We all understand the power of red. A 2015 study from the City University of New York went so far as to say a woman holding a red laptop was found to be more attractive by men than a woman holding a gray one. 

And we all know the cliche: Someone walks by in a red dress and people notice.

But what if thousands (several thousands!) of “someones” walk by in a red dress? What if many are running? Through the French Quarter?

And what if half of them are men?

I bet you’d notice. I’d definitely notice.

But maybe you’d also like to join them? Well, it’s not too late!

This Saturday, Aug. 11, is New Orleans’ 24th annual Red Dress Run. New Orleanians from across the city congregate in Crescent Park at the downriver edge of the French Quarter as early as 9 a.m.

“That’s when the kegs of beer tap, and the music starts,” explained Heather West, a member of the New Orleans Hash House Harriers (NOH3), that group that organizes the event. “There’s red everywhere! Dresses, sure, but New Orleanians are creative in how they interpret that.

"Some people wear red tutus with a red T-shirt. Some people just wear a red tutu. Polka dots, stripes or solids. Flats or heels. Hats or not. Drinks in hand. It’s a sea of red.”

But NOH3 is trying to spread the word: there is a right way (and a wrong way) to celebrate this special day.

Origins 

Behind those red dresses is a group with a lot of history.

“The Hash House Harriers started in the 1930s with English soldiers stationed in Malaysia,” explained another H3 member, Tiffany Mueller. “They were looking to stay in shape, while also adding a fun, social component to their day.”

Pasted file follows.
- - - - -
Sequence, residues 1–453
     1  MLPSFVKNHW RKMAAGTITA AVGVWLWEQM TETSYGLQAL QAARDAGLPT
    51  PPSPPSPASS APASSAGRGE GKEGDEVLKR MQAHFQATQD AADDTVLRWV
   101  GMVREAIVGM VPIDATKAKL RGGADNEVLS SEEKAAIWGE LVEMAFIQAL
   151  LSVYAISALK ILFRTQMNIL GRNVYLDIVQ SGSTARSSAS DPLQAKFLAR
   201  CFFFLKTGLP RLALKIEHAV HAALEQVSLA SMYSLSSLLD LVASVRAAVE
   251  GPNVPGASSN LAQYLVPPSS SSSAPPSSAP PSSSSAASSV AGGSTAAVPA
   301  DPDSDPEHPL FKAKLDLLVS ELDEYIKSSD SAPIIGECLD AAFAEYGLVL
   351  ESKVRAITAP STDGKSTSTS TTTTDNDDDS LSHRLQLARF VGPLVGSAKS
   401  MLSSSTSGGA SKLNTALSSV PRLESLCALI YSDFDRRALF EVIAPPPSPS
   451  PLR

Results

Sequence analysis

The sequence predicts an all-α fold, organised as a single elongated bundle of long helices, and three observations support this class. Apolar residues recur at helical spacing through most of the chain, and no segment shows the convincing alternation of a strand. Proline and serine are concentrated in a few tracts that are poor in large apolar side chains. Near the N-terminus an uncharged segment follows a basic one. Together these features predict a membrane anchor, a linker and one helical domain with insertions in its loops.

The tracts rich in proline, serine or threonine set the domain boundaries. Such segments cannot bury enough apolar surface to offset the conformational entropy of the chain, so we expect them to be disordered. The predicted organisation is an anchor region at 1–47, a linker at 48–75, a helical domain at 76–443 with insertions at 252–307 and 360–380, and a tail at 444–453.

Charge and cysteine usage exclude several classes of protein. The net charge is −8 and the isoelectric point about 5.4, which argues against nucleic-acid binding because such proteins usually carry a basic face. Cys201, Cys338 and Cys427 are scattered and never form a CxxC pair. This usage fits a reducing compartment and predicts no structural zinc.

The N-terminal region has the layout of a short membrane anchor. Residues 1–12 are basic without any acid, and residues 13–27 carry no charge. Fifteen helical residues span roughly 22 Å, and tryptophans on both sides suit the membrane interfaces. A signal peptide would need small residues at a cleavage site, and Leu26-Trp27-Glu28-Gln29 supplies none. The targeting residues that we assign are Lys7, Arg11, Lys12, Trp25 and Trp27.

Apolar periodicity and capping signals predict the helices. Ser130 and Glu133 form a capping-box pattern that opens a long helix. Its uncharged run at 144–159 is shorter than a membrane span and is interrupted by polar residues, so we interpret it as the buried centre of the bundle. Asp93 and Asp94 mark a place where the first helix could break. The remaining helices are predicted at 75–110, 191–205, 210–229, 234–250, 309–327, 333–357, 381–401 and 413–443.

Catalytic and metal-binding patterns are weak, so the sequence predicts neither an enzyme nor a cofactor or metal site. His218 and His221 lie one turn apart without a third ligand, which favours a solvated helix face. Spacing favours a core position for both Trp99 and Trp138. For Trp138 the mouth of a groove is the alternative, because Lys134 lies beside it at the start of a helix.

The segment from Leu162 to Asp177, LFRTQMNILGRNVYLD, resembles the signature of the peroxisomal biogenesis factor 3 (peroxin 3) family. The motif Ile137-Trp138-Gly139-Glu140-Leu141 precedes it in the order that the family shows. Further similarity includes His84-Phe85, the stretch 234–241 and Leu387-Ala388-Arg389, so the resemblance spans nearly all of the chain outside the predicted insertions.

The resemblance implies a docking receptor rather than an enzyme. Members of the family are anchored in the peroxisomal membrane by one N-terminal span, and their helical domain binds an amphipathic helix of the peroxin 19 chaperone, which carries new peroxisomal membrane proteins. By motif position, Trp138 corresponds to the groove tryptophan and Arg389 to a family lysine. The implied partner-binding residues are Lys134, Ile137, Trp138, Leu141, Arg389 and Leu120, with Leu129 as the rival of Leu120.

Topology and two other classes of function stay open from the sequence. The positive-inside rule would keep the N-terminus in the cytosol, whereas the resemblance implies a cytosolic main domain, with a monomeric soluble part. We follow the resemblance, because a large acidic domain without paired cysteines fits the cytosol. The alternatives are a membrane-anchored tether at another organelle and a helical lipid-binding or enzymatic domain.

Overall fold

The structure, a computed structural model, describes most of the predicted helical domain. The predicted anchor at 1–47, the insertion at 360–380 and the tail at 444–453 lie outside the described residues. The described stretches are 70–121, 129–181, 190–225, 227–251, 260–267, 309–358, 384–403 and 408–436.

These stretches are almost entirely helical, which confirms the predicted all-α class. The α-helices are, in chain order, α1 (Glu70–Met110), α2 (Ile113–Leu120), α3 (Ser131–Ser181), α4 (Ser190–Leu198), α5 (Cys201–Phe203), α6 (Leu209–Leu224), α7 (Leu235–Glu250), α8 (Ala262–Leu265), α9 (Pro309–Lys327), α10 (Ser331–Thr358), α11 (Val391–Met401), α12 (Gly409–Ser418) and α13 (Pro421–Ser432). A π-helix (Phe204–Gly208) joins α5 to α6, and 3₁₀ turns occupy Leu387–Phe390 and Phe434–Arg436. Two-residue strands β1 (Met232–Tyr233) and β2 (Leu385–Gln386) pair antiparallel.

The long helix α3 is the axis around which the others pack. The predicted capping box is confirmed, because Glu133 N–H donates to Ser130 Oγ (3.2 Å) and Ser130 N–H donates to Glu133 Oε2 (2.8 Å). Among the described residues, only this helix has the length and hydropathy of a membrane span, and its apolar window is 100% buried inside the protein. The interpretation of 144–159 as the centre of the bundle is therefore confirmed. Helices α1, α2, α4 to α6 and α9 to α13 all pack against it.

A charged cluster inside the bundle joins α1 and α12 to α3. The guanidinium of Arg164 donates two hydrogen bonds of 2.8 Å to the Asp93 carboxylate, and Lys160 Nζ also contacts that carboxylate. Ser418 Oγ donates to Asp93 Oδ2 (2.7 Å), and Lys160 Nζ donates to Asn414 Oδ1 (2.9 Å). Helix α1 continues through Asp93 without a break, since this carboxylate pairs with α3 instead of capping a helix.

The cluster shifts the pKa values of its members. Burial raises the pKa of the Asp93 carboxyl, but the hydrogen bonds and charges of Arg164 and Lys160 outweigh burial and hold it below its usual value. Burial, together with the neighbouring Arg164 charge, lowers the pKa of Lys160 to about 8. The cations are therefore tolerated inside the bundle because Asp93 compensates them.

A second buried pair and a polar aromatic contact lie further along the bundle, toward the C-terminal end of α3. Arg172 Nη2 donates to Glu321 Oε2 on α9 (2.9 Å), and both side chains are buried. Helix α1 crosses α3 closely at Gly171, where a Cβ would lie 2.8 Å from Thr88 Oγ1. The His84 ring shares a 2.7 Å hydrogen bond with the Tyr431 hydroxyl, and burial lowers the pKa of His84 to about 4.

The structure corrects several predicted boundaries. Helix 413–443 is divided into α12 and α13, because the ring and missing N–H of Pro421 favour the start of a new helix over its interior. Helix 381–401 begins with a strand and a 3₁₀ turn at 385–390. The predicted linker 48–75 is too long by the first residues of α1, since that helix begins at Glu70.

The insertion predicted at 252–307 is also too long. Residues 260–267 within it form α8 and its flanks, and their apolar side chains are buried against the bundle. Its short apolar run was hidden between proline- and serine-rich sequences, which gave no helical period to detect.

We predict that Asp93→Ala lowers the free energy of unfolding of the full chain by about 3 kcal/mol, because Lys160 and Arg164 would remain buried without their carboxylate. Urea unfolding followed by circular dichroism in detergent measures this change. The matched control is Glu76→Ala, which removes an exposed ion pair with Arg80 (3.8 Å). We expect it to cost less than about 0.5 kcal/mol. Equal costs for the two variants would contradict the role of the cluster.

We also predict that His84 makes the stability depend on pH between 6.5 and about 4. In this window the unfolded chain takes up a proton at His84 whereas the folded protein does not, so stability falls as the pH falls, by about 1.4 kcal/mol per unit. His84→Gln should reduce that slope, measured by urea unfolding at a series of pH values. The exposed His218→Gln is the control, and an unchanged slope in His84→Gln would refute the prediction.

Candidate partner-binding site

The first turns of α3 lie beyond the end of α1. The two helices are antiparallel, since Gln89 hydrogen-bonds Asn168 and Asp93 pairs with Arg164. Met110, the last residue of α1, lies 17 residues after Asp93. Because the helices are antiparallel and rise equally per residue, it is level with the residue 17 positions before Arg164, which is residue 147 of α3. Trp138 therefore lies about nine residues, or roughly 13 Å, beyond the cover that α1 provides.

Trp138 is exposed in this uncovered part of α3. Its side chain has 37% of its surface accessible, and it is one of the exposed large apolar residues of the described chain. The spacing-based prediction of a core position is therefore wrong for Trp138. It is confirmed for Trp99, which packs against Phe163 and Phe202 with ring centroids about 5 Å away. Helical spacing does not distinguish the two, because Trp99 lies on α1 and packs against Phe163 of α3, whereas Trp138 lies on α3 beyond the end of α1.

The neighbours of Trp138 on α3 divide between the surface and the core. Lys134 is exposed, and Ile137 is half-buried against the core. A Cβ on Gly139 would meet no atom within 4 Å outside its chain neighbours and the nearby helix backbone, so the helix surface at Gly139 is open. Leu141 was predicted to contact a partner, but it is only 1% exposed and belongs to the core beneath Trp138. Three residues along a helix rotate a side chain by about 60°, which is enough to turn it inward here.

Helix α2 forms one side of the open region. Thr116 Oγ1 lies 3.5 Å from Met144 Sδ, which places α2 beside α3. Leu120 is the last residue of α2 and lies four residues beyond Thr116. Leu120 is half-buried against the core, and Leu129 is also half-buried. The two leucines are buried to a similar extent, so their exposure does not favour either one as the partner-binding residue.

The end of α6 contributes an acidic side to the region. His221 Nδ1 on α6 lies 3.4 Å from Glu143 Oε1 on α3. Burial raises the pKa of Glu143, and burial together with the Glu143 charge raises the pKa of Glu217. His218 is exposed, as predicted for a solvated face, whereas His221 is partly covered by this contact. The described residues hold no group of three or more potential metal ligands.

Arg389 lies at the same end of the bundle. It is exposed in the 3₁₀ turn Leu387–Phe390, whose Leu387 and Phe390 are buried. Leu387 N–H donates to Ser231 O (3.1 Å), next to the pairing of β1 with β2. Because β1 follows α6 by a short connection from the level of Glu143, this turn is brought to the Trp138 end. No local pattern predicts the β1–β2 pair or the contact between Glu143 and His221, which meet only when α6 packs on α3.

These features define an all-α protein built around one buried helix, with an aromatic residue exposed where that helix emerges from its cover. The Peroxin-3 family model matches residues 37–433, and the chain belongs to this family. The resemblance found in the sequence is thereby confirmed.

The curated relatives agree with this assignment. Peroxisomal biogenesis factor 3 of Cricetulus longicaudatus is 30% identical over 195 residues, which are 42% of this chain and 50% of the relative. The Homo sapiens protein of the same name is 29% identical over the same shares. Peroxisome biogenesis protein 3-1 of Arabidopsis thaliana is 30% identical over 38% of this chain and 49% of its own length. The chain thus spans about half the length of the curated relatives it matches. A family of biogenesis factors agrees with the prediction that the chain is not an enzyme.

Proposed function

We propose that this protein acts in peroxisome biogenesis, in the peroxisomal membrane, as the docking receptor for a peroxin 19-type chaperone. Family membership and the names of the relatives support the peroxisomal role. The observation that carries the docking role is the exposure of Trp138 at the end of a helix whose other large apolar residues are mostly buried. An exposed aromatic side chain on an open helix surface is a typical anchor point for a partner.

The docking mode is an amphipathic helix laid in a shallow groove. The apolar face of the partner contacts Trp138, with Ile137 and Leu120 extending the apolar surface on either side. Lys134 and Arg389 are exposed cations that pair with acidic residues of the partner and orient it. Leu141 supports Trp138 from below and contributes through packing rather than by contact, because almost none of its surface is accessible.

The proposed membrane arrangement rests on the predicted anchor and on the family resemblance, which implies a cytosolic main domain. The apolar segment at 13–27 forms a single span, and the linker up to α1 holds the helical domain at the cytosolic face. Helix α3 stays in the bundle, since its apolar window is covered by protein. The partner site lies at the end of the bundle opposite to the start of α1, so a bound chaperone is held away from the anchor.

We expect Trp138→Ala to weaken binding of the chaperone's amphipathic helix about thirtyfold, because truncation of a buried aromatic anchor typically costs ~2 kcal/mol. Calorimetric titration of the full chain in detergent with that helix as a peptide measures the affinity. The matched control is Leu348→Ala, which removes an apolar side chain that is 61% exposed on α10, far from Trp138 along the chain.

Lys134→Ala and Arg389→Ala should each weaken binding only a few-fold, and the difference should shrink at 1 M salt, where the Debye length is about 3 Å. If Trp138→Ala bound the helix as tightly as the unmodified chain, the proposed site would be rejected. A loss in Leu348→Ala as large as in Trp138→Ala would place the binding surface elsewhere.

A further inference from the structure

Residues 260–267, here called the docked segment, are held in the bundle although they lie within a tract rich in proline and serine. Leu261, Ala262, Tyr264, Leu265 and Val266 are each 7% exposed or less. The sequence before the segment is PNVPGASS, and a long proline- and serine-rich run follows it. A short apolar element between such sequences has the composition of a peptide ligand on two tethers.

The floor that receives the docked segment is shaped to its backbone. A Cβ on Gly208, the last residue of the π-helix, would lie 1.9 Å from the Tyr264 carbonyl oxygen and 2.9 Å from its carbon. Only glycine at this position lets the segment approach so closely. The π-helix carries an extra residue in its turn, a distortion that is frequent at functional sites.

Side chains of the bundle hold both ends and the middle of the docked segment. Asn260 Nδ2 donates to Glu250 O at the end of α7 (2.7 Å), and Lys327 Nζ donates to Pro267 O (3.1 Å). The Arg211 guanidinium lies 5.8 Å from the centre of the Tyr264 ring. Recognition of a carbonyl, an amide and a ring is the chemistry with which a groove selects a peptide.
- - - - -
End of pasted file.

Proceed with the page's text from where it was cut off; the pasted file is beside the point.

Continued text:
“Now there are H3s all over the world,” added Dan Heidl, a board member of the New Orleans-based club he joined back in 1991. “NOH3 was founded in 1989. We meet once a week, and we still base our meetings off the same game those soldiers in Malaysia played decades ago.”

That game is called “Hare & Hounds,” and it was patterned on a game enjoyed by English schoolchildren since at least the time of Queen Elizabeth I.

This version, however, has a lot more drinking.

“We all meet up in a different place in the city each week, and start off with a beer, or two, or some amount,” Heidl said.

For every meeting, there’s one hare, who starts the run 10-15 minutes before the hounds (who are still enjoying their beverages, presumably). Heidl continued, “When the hounds begin running, they follow a lightly marked trail — of flour or chalk, laid down by the lead hare — and encounter markings meant to aid or confuse the hounds.”

If this sounds, tiring, don’t worry, there’s a beer stop halfway through. And when the hounds find the hare at the end of the course, how do they celebrate? Heidl answered as you might expect: “More beer.”

Lady in red

In 1987, a woman who had never heard of the Hash House Harriers, Hare & Hounds, or the customs of English soldiers in Malaysia flew to San Diego to meet a friend at an H3 event.

Not sure what that was, she showed up wearing a red dress and matching heels. She was mocked for her unsuitable attire but decided to shove it in the club’s face by doing the run anyway, making her an instant hero.

The following year, the San Diego club (also known as a “kennel” because of the association with hounds) commemorated the lady in red by hosting the world’s first-ever Red Dress Run. In the years since, the event has spread across the globe.

Nowadays, few do it bigger or better than here in New Orleans, whose first Red Dress Run was hosted in 1995.

New Orleans is legendary

It won’t just be New Orleanians at the run this Saturday. Hashers and nonhashers alike travel to the city for the event. One woman from Birmingham, Alabama, who goes by her hash name, “Baskin Throbbins” (everyone who joins a kennel gets a hash name, but not all choose to share it with the public) is coming for her first New Orleans Red Dress Run.